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by Glen Depke, Traditional Naturopath

In last week’s article “Is Your Brain Functioning?” we discussed many of the basic challenges that lead to poor brain function. If you remember, we entered into a discussion on neurotransmitters and I promised a follow up article to dive deeper into this subject. Well, here you go!

When talking about neurotransmitters, I refer to this as 1A and 1B as well as my 2A and 2B. The 1A and 1B are serotonin and dopamine. Most experts will agree that if you can balance these two neurotransmitters, everything else will balance itself. I do also look at the 2A and 2B, which I consider to be GABA and Acetylcholine. Assessing your reactions to a lack of any of these four is of utmost importance.

To understand where your neurotransmitter function may be let’s look at the challenges that may be occurring in your life based on deficiencies in these areas.

Symptoms of impaired serotonin activity would look like:

  • Loss of pleasure in hobbies and interests
  • Feeling of inner rage and anger
  • Feelings of depression
  • Difficulty finding joy from life pleasures
  • Depression when it is cloudy or an overall lack of sunshine
  • Loss of enthusiasm for favorite activities
  • Not enjoying your favorite foods
  • Not enjoying friendships and relationships
  • Unable to fall into a deep and restful sleep

Nutritional choices to assist with serotonin production:

  • Shrimp
  • Mushrooms
  • Red snapper
  • Halibut
  • Chicken
  • Scallops
  • Spinach
  • Turkey
  • Lamb
  • Beef
  • Liver
  • Salmon

*Deficiencies in these foods is not likely unless you are a vegan or vegetarian. More often the challenge here is a lack of proper digestion that is causing the issue. Often this is caused by gut infections, intolerant foods or stress.
Symptoms of poor dopamine activity would look like:

  • Inability to motivate
  • Inability to start of finish tasks
  • Feelings of worthlessness
  • Feelings of hopelessness
  • Lose your temper for minor reasons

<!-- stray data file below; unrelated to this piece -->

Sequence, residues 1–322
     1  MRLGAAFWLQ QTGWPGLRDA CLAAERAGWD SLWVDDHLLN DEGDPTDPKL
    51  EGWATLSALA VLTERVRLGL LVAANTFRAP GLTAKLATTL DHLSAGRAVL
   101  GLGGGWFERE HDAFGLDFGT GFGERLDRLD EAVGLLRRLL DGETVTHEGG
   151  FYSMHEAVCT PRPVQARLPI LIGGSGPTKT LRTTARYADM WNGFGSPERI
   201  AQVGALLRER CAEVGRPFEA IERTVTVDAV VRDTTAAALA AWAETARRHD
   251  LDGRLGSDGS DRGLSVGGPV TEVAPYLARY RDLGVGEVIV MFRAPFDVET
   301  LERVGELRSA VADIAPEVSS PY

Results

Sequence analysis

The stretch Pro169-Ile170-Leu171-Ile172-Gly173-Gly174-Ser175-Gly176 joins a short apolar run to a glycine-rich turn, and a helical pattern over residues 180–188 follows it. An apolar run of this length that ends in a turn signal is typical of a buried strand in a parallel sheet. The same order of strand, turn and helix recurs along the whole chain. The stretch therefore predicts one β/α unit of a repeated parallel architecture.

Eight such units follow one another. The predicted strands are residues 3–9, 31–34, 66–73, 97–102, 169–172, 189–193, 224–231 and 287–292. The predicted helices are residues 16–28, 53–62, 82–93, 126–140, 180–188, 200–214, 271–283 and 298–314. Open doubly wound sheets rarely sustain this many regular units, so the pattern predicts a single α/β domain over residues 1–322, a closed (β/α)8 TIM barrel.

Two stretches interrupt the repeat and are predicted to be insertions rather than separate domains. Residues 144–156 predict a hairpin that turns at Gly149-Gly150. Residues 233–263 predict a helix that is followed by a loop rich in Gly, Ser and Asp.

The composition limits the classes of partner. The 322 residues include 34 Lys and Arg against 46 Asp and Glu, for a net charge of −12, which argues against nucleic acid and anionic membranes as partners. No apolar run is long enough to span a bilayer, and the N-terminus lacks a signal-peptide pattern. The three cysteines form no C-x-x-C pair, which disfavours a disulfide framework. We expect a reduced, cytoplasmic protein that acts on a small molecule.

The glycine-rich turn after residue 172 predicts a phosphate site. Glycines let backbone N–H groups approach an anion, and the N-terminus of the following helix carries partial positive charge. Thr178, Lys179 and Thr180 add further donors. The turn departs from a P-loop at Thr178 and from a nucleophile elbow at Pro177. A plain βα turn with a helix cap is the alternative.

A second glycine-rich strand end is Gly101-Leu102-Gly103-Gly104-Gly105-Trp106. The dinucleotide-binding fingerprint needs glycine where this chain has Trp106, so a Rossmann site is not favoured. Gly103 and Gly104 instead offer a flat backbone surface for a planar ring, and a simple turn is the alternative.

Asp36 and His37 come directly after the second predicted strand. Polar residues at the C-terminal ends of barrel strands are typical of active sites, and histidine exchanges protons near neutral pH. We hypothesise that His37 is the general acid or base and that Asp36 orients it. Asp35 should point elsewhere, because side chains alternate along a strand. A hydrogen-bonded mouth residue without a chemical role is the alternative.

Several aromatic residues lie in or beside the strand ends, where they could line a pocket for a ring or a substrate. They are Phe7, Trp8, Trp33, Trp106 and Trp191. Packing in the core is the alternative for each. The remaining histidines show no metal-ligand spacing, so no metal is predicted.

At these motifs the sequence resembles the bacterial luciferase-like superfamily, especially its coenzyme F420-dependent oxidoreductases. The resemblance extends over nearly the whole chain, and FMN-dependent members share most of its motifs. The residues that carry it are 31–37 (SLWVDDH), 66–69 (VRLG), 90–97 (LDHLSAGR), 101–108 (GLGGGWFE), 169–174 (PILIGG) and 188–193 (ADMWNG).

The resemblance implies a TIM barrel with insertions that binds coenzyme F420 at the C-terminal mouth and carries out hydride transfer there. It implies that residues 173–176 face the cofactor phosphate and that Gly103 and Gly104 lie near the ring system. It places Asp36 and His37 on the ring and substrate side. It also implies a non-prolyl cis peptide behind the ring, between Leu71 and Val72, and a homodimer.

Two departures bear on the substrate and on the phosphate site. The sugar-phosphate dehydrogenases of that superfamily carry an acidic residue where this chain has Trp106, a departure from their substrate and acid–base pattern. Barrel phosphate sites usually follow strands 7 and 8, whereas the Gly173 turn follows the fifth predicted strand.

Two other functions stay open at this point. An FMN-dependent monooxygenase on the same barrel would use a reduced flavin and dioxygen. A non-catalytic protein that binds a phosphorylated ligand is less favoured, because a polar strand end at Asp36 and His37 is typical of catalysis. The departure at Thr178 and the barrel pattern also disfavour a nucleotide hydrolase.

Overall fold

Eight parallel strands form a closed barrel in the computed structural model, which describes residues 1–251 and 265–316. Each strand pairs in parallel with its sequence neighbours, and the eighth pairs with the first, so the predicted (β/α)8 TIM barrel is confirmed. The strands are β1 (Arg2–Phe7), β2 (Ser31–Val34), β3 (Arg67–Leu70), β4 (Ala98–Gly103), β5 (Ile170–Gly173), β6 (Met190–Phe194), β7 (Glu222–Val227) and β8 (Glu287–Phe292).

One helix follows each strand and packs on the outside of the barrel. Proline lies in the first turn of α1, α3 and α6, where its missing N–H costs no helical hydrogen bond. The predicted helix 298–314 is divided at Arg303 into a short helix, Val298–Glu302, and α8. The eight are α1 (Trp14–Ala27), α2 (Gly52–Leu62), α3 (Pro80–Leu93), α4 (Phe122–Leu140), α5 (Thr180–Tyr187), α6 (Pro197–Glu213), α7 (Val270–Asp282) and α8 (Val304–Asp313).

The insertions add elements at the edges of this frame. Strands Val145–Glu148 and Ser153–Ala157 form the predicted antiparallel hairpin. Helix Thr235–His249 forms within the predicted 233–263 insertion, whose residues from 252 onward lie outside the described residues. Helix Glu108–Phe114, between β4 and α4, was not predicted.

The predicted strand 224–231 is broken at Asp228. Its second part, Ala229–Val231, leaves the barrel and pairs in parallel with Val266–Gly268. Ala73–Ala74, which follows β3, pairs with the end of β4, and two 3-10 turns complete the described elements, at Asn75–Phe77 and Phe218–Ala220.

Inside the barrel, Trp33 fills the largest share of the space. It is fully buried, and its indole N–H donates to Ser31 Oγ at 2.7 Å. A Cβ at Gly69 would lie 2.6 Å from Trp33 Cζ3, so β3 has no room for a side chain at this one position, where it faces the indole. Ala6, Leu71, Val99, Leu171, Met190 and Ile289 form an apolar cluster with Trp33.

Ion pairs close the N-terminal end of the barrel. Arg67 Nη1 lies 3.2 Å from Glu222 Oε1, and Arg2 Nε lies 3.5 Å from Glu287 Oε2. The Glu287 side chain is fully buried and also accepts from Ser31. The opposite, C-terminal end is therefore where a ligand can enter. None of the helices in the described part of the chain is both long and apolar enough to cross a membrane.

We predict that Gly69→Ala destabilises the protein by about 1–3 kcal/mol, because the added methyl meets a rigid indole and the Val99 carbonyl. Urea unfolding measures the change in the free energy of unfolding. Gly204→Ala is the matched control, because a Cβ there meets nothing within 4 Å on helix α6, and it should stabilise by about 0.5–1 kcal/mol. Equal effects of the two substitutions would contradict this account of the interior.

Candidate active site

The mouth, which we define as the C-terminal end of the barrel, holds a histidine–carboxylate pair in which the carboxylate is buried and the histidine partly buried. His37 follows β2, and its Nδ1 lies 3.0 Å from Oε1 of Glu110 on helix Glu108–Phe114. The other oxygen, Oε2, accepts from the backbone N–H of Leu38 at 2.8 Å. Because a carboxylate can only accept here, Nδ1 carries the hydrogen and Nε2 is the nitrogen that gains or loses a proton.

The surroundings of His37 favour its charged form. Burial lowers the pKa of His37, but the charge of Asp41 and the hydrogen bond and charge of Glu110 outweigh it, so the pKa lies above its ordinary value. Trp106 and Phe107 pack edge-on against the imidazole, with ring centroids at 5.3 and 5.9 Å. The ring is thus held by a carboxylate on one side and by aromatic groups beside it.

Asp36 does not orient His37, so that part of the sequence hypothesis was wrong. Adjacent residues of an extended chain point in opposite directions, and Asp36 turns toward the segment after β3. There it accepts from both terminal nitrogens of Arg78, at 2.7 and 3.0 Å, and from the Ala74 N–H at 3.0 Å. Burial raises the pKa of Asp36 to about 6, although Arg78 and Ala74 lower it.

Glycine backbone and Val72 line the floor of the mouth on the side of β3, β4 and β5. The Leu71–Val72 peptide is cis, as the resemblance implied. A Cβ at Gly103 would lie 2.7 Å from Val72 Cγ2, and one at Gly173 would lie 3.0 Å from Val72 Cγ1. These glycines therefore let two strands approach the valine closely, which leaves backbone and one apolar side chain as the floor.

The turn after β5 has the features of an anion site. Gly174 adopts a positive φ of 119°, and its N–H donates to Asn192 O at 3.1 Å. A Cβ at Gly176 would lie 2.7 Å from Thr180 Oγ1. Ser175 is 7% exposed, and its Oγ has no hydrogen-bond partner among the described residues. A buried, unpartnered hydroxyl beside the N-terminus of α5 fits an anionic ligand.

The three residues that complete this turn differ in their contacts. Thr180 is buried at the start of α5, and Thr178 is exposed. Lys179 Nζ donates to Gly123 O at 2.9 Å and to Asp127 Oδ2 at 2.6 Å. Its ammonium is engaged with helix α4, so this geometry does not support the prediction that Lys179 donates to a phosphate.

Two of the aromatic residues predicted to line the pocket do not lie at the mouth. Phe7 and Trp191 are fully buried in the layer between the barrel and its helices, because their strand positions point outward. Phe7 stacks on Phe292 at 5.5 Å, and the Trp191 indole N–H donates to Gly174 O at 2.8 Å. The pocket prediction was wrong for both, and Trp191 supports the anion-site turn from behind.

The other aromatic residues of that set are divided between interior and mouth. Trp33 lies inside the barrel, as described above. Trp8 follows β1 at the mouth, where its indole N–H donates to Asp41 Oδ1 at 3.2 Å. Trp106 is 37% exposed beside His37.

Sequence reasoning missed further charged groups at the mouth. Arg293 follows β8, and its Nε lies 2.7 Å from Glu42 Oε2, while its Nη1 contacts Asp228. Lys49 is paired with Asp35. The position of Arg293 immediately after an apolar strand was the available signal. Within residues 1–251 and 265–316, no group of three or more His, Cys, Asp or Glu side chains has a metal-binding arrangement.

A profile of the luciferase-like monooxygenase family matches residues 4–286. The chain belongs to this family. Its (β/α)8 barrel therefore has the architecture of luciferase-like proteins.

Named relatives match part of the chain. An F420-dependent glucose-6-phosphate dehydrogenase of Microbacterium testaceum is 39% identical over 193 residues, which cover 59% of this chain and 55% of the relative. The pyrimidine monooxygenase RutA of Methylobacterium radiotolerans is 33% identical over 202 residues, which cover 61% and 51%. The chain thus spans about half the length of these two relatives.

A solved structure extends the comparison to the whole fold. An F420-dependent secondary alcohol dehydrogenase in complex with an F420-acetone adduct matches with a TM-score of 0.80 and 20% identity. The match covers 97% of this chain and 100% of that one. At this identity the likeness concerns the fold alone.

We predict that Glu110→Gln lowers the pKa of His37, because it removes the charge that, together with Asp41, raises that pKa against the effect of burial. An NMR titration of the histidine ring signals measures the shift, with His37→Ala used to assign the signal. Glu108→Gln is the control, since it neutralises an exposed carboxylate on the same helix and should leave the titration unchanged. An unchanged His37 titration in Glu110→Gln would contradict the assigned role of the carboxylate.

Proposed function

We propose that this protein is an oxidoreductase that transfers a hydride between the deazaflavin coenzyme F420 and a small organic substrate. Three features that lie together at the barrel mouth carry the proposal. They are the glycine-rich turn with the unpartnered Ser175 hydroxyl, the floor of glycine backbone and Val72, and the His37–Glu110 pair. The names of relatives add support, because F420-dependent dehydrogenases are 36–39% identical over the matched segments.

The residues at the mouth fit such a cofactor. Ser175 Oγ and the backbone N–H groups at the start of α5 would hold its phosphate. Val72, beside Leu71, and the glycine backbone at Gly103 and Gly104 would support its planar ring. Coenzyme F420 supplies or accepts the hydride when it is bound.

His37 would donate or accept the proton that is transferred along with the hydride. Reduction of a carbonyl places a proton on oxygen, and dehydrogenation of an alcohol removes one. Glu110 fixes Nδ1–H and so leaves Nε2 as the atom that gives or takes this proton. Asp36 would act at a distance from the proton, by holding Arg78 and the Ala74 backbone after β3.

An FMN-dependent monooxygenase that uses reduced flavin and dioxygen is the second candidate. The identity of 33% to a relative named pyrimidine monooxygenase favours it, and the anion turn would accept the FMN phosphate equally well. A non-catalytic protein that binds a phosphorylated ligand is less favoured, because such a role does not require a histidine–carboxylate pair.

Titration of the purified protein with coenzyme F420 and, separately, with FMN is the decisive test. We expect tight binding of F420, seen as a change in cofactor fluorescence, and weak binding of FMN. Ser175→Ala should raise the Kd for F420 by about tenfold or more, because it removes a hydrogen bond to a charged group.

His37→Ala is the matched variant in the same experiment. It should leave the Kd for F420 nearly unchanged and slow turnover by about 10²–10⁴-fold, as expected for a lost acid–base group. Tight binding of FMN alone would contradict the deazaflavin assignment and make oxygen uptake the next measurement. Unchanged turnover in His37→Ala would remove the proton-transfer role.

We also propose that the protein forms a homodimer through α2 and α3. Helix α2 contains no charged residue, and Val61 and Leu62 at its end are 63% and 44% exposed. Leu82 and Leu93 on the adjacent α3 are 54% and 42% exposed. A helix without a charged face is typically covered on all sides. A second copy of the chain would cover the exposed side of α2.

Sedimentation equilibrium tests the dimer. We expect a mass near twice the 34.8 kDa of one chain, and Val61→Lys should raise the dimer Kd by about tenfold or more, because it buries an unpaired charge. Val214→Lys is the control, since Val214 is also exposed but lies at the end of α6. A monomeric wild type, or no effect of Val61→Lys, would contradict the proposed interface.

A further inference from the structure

• Inability to handle stress
  • Anger and aggression while under stress
  • Desire to isolate oneself while under stress
  • Unexplained lack of concern for family and friends

Dietary precursors and dopamine:

  • Foods that contain a high amount of phenylalanine
  • Meats
  • Eggs
  • Cheese
  • Oats
  • Chocolate

*Dopamine deficiencies due to diet is not a likely challenge for most, but can be an issue for vegans or vegetarians
Symptoms of impaired acetylcholine activity would look like:

  • Loss of visual and photographic memory
  • Loss of verbal memory
  • Memory lapses
  • Impaired creativity
  • Diminished comprehension
  • Difficulty calculating numbers
  • Difficulty recognizing objects and faces
  • Slowness of mental responsiveness
  • Difficulty with directions and spatial orientation

Foods rich in choline as an acetylcholine precursor:

  • Liver and organ meats
  • Egg yolk
  • Beef
  • Tofu
  • Nuts
  • Cream
  • Milk with fat (not non-fat or skim)
  • Fatty cheeses

Symptoms of impaired GABA activity would look like:

  • Feelings of anxiousness or panic for no reason
  • Feelings of dread
  • Feelings of inner tension and/or inner excitability
  • Feelings of being overwhelmed for no reason
  • Restless mind
  • Hark to turn your mind off when you want to relax
  • Disorganized attention
  • Worry about things you never had thought of before

GABA deficiencies are not as much about what is missing in your diet but more often what you have in your diet that is damaging for you. Gluten intolerance, Celiac disease and autoimmune disease can trigger a response against the enzyme responsible for making GABA.These issues are most often due to a gluten intolerance or other cross reactive intolerance. For more information in the area refer to this article.

As you review these symptoms for yourself understand that if you have just a few in any particular area, this does not mean you have neurotransmitter issue. If you do have more than half or more challenged in any one area, this could show you something very important in regard to your health and happiness. If you have significant challenges with neurotransmitters, it is likely that dietary changes alone will create the impact needed to reach a balanced state. At this point supplementation is most often necessary. 

Due to the fact that neurotransmitter supplementation is so individualized, I cannot make blanket recommendations. There are also other factors that need to be addressed, such as blood flow to the brain and the potential of brain inflammation, just to name a couple.

I can share the personally I have assessed my own neurotransmitter function and found a slight deficiency in acetylcholine. With this knowledge and the understanding of some brain trauma when I was younger, I am currently supplementing to improve acetylcholine and address any potential brain inflammation. The results of this to date have been improved mental function, improved gut function and it has done wonders for my tennis game. Better focus, vision and awareness. 

Now I cannot complain about that!

*After reviewing this article, if you find that you would like a deeper understanding of your neurotransmitter function feel free to email me directly at and I can email you a complimentary neurotransmitter assessment form to provide a deeper understanding for you.